In less than a month the 2012 Memphis Comic and Fantasy Convention will take place featuring a section dedicated to Lego where you can see and and display creations. In addition there will be Lego vendors, brickfilm showings, and discussion panels. Click on the poster below for more info.
A new episode of Joshua Hanlon and Matthew Kay’s Beyond the Brick podcast was just released, featuring an interview with yours truly. I openly acknowledge that this is a shameless self-plug, but I’m not recommending their show simply because I was on it, but rather because they do terrific work. They’ve featured tons of awesome people in the LEGO community, many of whom will be familiar to readers of this blog, such as castlers extraordinaire Sean and Steph Mayo, LEGO Community representative Kevin Hinkle, steampunk demigod Guy Himber, and cheese-slope master Katie Walker. So go check out their podcast, and hear what some fellow Adult Fans of LEGO have to say in their own words.
This transparent castle by Ivan Angeli is quite eye-catching. I’ve seen all-transparent castles before but the shapes and contours of this one are unique and the lighting is very well-done.
We’re not even close to being done featuring all the awesome LEGO models debuted at BrickCon 2012 earlier this month. I had the privilege of hanging out with Catsy as he assembled his LEGO Halo ringworld for the first time right there at the con — it was simply too huge to fully assemble at home!
Nearly three years in the making, Catsy’s ring is built from more than 11,000 bricks and spans just under 5 feet. Catsy tells us that it’s 1,467 mm wide, to be precise.
The construction techniques Catsy used to build this took some serious engineering prowess. Here’s Catsy in his own words:
The outer ring (hull) consists of eight more or less identical segments (with minor variations in texture or the use of old gray for contrast), each 72 studs long. The inner ring (landscape) floats freely within the outer ring and stays in place purely by friction and tension.
The photo above shows off the overall detail really nicely, but I just love this next view.
Looking over their photostream, I think we’ve blogged everything Sean & Steph Mayo have built over the past several months, so why stop now? This is the smallest NASA Space shuttle built from LEGO that I’ve run across, but it may be my favorite.
The LEGO Castle helmet standing in for the top of the External Tank is pure genius.
Guy Himber, aka V&A Steamworks, has created a mind-blowing, mouth-watering, magnificent, and majestic Mold-A-Rama machine. I saw it at BrickCon and even got to breathe the same air as the builder. Let me tell you, it was a pleasure and the machine definitely deserved the “Best Use of NXT” award that it received. I didn’t get to observe the effects in person, but I understand that many paying members of the LEGO-viewing public were reduced to quivering pools of confusion while trying to figure out how Guy’s contraption worked. And that, dear readers, is the sign of a great LEGO build.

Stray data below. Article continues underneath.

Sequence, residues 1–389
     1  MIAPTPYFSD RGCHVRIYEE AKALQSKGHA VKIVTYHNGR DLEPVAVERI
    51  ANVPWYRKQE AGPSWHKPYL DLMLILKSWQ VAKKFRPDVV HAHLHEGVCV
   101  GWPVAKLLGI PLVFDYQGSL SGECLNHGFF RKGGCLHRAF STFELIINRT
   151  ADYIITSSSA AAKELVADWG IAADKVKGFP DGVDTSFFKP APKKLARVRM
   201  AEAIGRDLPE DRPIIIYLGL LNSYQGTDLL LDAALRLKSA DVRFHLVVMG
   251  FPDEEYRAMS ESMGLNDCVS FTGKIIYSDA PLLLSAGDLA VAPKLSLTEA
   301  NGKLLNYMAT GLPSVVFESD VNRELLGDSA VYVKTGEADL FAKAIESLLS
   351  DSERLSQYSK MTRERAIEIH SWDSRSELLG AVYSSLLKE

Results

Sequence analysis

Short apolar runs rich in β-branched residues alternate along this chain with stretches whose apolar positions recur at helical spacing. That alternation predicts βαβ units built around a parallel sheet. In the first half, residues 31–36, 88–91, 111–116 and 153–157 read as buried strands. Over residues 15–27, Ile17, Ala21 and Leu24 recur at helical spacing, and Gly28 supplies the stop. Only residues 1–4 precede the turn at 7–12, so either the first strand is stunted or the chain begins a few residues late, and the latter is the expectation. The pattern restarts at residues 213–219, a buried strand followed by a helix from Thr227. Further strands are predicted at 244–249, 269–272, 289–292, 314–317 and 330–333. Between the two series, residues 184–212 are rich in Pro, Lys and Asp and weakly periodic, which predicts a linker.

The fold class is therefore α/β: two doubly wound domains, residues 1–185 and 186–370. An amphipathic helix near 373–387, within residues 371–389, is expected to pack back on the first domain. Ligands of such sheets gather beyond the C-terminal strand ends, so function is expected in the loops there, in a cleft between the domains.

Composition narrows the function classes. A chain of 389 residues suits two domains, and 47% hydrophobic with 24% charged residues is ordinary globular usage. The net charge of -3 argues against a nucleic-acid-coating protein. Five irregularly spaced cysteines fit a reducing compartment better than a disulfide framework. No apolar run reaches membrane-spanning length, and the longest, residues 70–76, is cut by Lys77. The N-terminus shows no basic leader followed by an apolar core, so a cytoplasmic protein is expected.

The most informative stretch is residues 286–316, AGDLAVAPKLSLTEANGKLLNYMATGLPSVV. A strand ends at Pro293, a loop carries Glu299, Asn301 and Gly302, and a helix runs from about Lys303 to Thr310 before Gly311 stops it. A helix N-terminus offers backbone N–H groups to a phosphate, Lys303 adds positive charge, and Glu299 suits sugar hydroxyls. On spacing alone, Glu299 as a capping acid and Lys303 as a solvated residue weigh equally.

I insist you watch the video:
I like to think they’d look something like this. Well, that is, if Cat were literally run by caterpillars. In any case, this is an awesomely original take on a space freighter by flickr user Lord Pappadhum. The unique shape is definitely the highlight here, but it’s also worth noting the huge number of colors he’s managed to incorporate without making the ship look unnaturally busy. Also, using those train tracks in that orientation: genius.
According to flickr user Tikitikitembo, there’s a whole city in there. This awesome microscale municipality fits neatly into the bowels of a brick-built 2×4. The blue lining on the box is a touch that works magnificently, and there are lots of neat pieces in the structures, ranging from the super old-school to the brand new.
I just received an exciting announcement from LEGO. It seems that their design team is accepting submissions for ideas in something like a contest. It seems like one person will get to work with LEGO Designers to develop their idea into an official theme.
Find the full text of the announcement from LEGO, after the break. Continue reading
This outstanding recreation of Roman Colchester is another example of peggyjdb’s (James Pegrum) excellent ability to interpret history through the medium of Lego bricks. The sheer scale of the diorama is impressive, but when you look at the architectural features it is hard to believe that he did not have help from the Roman engineers themselves. James did have help from Malravion (Thomas Coleman) on this… I think you will agree that they did a great job.
This was on display at the UK lego event STEAM in Swindon.